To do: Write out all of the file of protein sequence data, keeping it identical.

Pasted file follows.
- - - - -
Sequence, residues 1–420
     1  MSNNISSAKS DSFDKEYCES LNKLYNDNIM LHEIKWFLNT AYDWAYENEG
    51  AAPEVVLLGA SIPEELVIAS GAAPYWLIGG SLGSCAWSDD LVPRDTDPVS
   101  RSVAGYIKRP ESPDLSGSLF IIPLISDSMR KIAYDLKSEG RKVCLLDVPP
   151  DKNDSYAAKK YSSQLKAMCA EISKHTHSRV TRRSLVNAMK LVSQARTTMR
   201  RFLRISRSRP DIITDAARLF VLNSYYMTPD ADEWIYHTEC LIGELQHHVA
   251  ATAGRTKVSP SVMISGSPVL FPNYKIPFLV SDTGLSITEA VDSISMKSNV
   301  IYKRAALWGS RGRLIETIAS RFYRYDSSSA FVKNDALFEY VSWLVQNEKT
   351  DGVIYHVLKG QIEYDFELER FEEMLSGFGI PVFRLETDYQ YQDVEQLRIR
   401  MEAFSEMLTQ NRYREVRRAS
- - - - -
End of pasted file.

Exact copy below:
Sequence, residues 1–420
     1  MSNNISSAKS DSFDKEYCES LNKLYNDNIM LHEIKWFLNT AYDWAYENEG
    51  AAPEVVLLGA SIPEELVIAS GAAPYWLIGG SLGSCAWSDD LVPRDTDPVS
   101  RSVAGYIKRP ESPDLSGSLF IIPLISDSMR KIAYDLKSEG RKVCLLDVPP
   151  DKNDSYAAKK YSSQLKAMCA EISKHTHSRV TRRSLVNAMK LVSQARTTMR
   201  RFLRISRSRP DIITDAARLF VLNSYYMTPD ADEWIYHTEC LIGELQHHVA
   251  ATAGRTKVSP SVMISGSPVL FPNYKIPFLV SDTGLSITEA VDSISMKSNV
   301  IYKRAALWGS RGRLIETIAS RFYRYDSSSA FVKNDALFEY VSWLVQNEKT
   351  DGVIYHVLKG QIEYDFELER FEEMLSGFGI PVFRLETDYQ YQDVEQLRIR
   401  MEAFSEMLTQ NRYREVRRAS